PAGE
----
- Embed Passives: Embedded components design can be sued. This not only reduces part cost but also assembly time and costs vs. surface mounting the same components on a rigid or flex substrate.
- Board Thinning: Thinning thick, stiff regions means cheaper materials and is easier with rigid-flex fabrication.
- Use Cheaper Materials: With advances in material science, even cheaper flexible and rigid substrates are developed.
- Evaluate Fabrication Partners: Forge strategic alliances with rigid flex PCB specialists to leverage their knowledge and experience in searching for cost reductions.
Rigid flex printed circuit board technology offers numerous benefits. You can use it when dependability, compactness, and flexibility are all significant concerns. Rigid flex PCB fabrication costs slightly more than regular boards regarding unit cost with the same dimensions and layer counts.
However, as mentioned at the start of the article, careful design and collaboration with specialists keep the price low. Planning to opt for rigid flex PCB fabrication? Opt for the best partner in terms of design, materials, volume, and fabrication. Consider Rigid Flex PCB fabrication which allows it to be economically integrated into a wide range of new electrical goods.
Common Applications of Rigid Flex PCBs
When done wisely, rigid Flex PCB fabrication enables several additional innovative use cases. It can also help you develop products where reliability and flexibility are important factors:
Using embeddable flexible circuits, rigid flex PCB fabrication allows wearables to attach themselves to the unique shapes and sizes of the human body. This allows for more comfortable, ergonomic designs in wearable tech. Rigid areas serve as mounting points and for strength, while the flex elements are connected to your sensors and components in a dynamic design.
Internet of Things (IoT) Devices:
With smaller and more space-locked IoT devices, rigid flex offers flexible antenna connections as well as 3D routing while still providing a fixed frame for processors and wireless modules. The rigid flex PCB fabrication fits the envelope shape precisely. The result is improved RF performance and durable but inconspicuous product packaging.
Rigid flex printed circuit boards provide reliable connections for products that must combine the seamless integration of electronic controls or displays with mechanical actuators. The rigid regions attach to motors or mechanical controls and the dynamic flex circuitry connects with electronic components and sensors.
Backplanes and Test Fixtures:
Rigid flex PCBs are an excellent choice for those applications which require interconnected printed circuits to be precisely aligned and highly reliable, such as backplanes or test fixtures. These stiff portions allow precise alignment of the printed circuit board, while flex circuits achieve dynamic interconnects without any cables. As a result, the mechanical assemblies are robust and compact.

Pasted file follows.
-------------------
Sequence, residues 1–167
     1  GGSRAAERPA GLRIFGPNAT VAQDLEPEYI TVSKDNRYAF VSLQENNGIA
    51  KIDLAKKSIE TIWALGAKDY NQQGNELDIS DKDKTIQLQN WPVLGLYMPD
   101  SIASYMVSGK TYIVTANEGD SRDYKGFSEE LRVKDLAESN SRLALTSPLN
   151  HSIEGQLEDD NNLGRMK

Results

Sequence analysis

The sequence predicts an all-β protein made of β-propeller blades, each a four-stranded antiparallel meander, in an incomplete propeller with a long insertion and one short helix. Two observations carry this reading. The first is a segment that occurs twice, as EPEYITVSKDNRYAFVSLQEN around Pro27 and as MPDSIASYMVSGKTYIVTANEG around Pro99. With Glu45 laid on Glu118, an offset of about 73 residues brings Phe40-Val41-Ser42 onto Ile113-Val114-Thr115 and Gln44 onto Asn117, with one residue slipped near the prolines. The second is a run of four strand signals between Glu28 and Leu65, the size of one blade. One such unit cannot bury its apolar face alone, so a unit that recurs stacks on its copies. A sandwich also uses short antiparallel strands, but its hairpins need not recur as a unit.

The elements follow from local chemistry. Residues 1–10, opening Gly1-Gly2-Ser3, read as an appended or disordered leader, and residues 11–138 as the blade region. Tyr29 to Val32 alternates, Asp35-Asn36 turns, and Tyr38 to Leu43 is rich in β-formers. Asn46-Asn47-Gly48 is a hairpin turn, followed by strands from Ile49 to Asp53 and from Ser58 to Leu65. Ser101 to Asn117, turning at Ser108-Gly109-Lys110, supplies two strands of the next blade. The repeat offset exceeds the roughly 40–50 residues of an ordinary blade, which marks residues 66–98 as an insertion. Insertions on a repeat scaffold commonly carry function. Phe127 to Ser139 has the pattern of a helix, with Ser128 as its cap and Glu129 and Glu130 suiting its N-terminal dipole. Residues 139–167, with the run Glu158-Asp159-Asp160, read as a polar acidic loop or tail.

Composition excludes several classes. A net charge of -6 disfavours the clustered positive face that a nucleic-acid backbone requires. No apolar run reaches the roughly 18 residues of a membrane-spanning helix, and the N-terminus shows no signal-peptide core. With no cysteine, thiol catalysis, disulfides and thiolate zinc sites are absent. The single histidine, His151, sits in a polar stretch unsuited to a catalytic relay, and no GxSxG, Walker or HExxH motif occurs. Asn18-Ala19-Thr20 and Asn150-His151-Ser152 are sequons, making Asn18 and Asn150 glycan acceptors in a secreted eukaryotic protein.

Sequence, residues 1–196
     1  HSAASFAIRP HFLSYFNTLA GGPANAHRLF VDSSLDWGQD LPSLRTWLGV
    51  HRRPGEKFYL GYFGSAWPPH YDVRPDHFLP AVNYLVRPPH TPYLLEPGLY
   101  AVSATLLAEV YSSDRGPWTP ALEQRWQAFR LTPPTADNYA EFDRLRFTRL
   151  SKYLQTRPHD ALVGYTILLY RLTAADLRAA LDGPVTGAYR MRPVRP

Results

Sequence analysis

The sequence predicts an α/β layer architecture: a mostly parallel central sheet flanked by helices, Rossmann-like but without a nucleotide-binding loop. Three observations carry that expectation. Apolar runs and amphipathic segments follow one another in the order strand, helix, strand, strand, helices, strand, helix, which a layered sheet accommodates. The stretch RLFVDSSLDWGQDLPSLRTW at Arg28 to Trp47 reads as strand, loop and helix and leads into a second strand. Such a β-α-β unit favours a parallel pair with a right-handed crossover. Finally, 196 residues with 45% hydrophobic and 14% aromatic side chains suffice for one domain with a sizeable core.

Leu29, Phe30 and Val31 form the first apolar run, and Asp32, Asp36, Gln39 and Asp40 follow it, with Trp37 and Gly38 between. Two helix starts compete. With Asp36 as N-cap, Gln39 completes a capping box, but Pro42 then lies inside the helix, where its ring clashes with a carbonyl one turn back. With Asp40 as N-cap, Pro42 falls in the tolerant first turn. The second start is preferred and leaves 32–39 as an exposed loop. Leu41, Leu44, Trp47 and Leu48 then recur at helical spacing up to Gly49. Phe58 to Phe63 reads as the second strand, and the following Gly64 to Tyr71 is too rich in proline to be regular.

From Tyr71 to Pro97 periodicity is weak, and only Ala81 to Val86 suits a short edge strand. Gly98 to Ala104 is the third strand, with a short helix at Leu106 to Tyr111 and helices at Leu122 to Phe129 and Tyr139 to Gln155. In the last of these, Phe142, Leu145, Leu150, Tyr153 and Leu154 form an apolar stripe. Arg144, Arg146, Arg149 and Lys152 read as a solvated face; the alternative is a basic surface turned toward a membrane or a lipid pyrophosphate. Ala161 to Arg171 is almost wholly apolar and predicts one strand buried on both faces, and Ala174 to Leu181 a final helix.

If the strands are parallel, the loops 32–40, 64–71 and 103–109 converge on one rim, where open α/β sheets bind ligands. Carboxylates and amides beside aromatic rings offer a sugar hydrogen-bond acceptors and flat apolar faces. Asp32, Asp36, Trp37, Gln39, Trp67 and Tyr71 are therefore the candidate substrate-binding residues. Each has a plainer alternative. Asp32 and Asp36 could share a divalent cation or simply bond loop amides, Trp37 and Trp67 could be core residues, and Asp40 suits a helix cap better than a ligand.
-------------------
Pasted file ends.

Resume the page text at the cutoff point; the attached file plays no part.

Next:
For products requiring many high-density interconnections with limited space, rigid flex PCBs provide connections between several layers of stacked-up rigid circuit boards. This eliminates the need for individual connectors, simplifies assembly, and saves space. The rigid sections ensure precision alignment, while the flexible portions make high-density stacking connections possible.
Rigid-flex PCBs provide a conformal solution for mounting and interconnecting sensors in applications involving various curved surfaces or dynamic structures. The stiff sections provide support and position the sensors, and the flexible regions fit to 3D surfaces. This makes it possible to embed flexible sensor arrays into structures.
Factors in Cost-optimized Rigid Flex PCB Design and Production
To successfully implement a cost-optimized rigid flex printed circuit board design, engineers should follow these steps:
- Conceptual Prototyping: Formal design can be preceded by exploration of the design space through simplified prototyping and simulations.
- Set Goals for Optimization: Focus on finding trade-offs in cost, manufacturability, or performance.
- Research Design Standards: Apply existing design guides for the industry to proven rigid flex constructions.
- Select Manufacturer Early: early involvement of a qualified rigid flex vendor will influence design for manufacturability.
- Solicit Cost Reduction Ideas: Take advantage of the manufacturer’s expertise and find ways to cut down on fabrication costs.
- Pursue Cross-Discipline Collaboration: Make sure the system is optimized by consulting specialists in enclosure design, mechanical design, and electrical design.
- Build Prototypes to Verify: To ensure that design performance, manufacturability, and cost targets are met before full production, build prototypes incrementally.
If these best practices are adhered to, engineers can create cost-optimized rigid flex PCBs that utilize the synergies of integrated flex/rigid technology while driving down total system cost.